"One day, one of my good "natural farming" clients took me on an impromptu field trip. We drove to an area where his cornfield joined his neighbor's. Both fields were basically the same as to soil type, variety and stage of growth. The neighbor's corn was green, but the plants in several rows around the perimeter of his field were severely damaged. He explained. "My neighbor uses all the modern chemical fertilizers, herbicides and insecticides. I use only naturally occurring soil amendments like manure, lime, gypsum and rock phosphate. Deer will walk through miles of 'chemical' corn without taking a bite and then feast on my crops because it tastes better." We did a taste test. The sap from his corn tasted sweet almost like sugar cane. One row away, just across the fence, the sap was bland and had a bitter aftertaste. He then suggested I notice the number of empty pesticide cans in the trash dumps on the farms where I made most of my sick animal vet calls and look for a correlation. There definitely was. I have never forgotten his words, and I have seldom found them in error. He taught me two natural principles:
- Animals can recognize and will seek out healthy nutrition, if available.
- There is an adverse relationship between heavy use of ag chemicals and animal health."
So I read Dr. Holliday's story and in spite of my bent toward cynicism, I never forgot it. I just filed it away as interesting possibility. Then I began to hear from farmers who discovered that mice would choose organic corn every time if they had access to both.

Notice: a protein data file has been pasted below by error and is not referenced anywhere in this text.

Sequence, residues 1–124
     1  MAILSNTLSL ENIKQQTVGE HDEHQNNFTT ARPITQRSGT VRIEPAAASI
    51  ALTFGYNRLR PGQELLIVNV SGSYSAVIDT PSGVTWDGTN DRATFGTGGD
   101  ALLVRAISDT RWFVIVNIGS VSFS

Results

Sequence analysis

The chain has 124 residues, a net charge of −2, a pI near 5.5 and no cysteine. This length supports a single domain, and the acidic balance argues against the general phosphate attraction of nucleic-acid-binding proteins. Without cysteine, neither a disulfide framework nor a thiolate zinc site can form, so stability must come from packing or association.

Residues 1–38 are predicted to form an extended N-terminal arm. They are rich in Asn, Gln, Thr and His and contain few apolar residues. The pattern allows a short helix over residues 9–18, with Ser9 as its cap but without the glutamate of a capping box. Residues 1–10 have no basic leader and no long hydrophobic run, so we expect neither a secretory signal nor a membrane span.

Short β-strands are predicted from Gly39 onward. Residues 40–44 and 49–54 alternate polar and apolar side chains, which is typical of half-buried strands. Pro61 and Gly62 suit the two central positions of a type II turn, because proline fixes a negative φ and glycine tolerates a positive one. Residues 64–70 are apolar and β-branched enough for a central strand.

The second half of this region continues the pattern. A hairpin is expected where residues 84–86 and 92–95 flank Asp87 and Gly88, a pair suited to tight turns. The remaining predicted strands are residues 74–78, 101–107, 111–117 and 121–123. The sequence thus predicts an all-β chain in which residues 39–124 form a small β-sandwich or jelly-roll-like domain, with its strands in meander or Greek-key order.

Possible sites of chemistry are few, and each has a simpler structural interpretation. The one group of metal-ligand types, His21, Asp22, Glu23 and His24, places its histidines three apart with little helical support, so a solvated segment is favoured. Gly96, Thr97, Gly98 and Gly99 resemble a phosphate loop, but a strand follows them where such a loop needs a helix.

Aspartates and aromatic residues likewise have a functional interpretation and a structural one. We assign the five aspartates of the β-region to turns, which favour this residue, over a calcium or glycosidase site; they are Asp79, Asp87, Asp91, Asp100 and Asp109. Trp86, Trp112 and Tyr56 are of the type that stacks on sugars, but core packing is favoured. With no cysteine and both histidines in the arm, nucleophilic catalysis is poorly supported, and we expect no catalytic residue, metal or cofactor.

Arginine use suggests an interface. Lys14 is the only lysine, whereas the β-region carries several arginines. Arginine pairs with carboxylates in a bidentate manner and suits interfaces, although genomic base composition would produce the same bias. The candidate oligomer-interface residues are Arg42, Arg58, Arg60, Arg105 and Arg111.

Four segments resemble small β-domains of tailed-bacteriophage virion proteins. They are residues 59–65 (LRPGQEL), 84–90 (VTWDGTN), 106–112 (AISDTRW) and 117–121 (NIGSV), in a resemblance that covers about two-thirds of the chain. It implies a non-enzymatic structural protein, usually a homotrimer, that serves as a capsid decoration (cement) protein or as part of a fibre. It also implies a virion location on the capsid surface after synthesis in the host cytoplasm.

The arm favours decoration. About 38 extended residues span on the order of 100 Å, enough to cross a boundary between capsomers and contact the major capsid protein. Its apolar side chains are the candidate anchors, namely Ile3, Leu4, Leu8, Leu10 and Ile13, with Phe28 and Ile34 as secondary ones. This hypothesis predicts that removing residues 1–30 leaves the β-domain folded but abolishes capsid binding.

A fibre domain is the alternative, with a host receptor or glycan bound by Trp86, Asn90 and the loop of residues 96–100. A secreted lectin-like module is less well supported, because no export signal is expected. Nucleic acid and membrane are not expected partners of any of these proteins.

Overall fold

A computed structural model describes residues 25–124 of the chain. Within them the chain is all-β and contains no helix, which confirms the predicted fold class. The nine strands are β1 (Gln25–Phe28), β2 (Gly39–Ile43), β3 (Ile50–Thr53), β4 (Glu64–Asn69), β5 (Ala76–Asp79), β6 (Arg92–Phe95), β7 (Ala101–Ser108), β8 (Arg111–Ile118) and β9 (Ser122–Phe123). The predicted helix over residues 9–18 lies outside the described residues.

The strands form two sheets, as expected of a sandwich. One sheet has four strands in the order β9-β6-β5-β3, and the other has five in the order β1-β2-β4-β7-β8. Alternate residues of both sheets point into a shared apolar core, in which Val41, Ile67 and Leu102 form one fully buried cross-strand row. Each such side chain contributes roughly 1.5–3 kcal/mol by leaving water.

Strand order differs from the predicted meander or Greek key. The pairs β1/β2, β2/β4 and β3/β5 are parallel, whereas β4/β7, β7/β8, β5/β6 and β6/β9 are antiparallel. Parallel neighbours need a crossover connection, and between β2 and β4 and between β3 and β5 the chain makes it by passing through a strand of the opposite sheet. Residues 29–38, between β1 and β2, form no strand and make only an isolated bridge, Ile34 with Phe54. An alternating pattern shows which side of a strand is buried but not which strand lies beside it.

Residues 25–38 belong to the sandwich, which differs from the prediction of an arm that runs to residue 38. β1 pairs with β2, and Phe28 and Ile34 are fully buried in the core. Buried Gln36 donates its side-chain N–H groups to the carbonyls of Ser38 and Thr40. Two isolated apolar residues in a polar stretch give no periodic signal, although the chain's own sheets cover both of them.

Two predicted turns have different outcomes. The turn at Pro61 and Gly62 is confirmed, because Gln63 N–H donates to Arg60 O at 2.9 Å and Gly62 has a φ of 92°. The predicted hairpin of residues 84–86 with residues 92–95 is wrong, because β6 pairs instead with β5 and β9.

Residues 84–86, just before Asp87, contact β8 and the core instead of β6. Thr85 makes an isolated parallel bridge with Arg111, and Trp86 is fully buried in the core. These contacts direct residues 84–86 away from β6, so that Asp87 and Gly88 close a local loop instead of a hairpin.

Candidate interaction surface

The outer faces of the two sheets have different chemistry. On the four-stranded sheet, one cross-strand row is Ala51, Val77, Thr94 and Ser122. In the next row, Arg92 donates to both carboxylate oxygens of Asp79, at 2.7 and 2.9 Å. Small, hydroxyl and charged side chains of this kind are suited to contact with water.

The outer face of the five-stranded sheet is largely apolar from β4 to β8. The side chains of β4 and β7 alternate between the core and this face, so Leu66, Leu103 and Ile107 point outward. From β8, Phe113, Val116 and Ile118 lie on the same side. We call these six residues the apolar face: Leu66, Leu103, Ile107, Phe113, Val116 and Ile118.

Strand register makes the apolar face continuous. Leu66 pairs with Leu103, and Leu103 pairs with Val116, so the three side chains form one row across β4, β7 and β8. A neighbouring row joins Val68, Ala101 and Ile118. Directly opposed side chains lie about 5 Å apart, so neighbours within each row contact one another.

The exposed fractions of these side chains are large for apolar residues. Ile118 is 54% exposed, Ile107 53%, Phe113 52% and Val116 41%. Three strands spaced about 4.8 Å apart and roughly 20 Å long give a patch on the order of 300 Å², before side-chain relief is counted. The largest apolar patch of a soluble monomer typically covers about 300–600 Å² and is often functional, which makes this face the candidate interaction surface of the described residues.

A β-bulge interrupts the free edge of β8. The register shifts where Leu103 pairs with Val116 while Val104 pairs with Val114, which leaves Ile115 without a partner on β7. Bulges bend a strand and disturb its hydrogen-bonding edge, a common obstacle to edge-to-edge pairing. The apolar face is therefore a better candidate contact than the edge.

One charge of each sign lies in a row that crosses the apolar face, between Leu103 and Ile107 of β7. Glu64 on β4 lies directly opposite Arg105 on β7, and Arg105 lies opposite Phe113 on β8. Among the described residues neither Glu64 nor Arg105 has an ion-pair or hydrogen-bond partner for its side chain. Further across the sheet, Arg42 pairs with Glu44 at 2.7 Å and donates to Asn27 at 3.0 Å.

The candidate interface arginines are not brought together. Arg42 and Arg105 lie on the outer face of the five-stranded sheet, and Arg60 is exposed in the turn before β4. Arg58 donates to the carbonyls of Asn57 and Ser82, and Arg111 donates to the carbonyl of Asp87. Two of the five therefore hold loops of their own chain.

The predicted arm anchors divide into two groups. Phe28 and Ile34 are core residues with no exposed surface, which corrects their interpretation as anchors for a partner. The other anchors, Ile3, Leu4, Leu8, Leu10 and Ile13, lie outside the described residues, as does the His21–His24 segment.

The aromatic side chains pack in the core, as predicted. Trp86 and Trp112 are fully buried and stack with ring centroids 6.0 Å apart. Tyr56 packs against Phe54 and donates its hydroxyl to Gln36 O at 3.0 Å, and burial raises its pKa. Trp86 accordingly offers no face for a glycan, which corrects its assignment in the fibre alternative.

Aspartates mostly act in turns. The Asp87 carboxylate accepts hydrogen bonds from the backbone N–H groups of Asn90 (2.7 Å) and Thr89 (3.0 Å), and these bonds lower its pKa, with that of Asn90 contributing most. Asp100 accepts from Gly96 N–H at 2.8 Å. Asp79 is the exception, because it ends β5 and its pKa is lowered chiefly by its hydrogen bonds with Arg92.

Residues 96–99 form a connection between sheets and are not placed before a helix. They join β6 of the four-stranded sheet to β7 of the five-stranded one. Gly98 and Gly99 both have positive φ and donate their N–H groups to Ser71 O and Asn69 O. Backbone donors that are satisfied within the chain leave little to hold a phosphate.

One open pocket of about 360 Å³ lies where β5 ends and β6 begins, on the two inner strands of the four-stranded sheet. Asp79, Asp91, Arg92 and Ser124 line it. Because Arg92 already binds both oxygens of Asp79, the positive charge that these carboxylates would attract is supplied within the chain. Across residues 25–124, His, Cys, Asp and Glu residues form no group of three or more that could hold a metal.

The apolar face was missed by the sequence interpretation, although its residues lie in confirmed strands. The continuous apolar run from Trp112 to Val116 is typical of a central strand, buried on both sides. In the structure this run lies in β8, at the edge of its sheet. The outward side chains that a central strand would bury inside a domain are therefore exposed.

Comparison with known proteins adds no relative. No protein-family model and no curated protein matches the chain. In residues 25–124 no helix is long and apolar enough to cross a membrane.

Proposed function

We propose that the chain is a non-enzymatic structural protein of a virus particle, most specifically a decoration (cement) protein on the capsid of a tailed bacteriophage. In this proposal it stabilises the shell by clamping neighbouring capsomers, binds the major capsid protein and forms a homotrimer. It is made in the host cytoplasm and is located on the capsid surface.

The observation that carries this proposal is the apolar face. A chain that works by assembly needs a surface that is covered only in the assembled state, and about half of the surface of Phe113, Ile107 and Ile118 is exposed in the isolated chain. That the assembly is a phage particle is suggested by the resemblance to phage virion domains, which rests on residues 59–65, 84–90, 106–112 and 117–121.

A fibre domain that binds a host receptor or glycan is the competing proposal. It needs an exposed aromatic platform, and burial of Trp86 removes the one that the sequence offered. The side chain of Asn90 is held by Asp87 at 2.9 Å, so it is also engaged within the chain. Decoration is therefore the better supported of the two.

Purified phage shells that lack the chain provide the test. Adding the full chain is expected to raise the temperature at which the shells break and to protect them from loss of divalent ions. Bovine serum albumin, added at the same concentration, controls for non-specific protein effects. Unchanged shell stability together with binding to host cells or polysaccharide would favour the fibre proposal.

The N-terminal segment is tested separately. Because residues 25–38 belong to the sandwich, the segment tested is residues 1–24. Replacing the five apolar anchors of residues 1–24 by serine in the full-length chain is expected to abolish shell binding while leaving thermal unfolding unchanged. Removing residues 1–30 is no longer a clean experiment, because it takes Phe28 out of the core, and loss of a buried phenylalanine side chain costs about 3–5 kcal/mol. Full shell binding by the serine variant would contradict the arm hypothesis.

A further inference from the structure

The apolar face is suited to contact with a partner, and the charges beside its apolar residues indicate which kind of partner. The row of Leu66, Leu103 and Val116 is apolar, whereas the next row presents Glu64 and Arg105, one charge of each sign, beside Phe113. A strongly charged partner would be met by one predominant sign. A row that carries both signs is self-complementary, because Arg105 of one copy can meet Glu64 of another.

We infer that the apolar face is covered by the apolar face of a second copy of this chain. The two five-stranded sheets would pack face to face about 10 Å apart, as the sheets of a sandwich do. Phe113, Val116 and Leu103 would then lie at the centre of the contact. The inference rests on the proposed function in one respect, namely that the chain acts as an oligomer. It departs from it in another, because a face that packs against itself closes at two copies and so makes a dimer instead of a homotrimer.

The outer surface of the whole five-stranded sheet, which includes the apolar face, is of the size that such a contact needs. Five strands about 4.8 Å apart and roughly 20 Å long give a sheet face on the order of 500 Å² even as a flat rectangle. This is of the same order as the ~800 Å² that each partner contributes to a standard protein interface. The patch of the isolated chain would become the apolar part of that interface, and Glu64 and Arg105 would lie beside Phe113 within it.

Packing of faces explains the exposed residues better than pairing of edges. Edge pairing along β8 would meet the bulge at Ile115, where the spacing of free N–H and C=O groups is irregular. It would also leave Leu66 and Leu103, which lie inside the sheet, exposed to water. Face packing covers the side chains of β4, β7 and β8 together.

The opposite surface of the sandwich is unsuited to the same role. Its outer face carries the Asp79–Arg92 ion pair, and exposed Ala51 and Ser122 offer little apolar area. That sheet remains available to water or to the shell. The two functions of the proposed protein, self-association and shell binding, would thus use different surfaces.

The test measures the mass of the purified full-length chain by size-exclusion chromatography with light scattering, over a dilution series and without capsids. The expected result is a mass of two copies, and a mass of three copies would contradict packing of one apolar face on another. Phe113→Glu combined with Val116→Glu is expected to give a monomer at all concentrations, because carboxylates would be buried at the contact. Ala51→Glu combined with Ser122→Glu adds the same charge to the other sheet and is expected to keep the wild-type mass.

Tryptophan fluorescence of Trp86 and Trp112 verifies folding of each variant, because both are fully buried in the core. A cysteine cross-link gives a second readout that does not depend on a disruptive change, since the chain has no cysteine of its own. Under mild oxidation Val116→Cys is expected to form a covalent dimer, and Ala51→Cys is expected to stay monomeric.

One farm store owner, who had several ears of corn on display in his showroom, noticed that at night the mice were only gnawing at the organic corn. The GMO, chemical grown corn was untouched. He decided to switch the position of the ears to fool the mice. It made no difference. They still only ate the organic.
Next he decided to put the organic corn away to see what the mice would do when they had no choice. The feeding stopped entirely. When they only had chemical grown GMO corn to choose from, the mice went elsewhere for their food. It went several weeks till he discovered where 'elsewhere' was. The mice had discovered his hiding spot for the organic corn and were eating it there!
Then there are the accounts of chickens and how smart they can be at identifying and only consuming organic, non-genetically modified feed. How farmers tried to trick them by moving the feeders from one day to the next…and how the chickens always knew the difference. Genetic Roulette, the new documentary which we strongly recommend, has several interesting accounts of this very thing involving chickens, rats, and raccoons and other animals. All of this adds up to the realization that the animals, for much more than we give them credit, do know!
So you can understand why, with this slow instilling of information, we were actually more thrilled than appalled when the eagles came. It was uncanny! It felt like an earlier era! For the first time in my life I witnessed American Bald Eagles swooping down with their breath-taking 7 foot wingspans upon our flocks of pastured hens. It's like they knew a good thing when they saw it. It made us feel like we must be doing something right to help the Eco-System. Even the Eagles have noticed and spoken.
I think it is a good omen. 2013 is going to be a good year for organics. Even the Eagles are speaking up! Monsanto, are you listening?
Animals don't use words, but don't call them dumb!
Your Farmer ~ Edwin Shank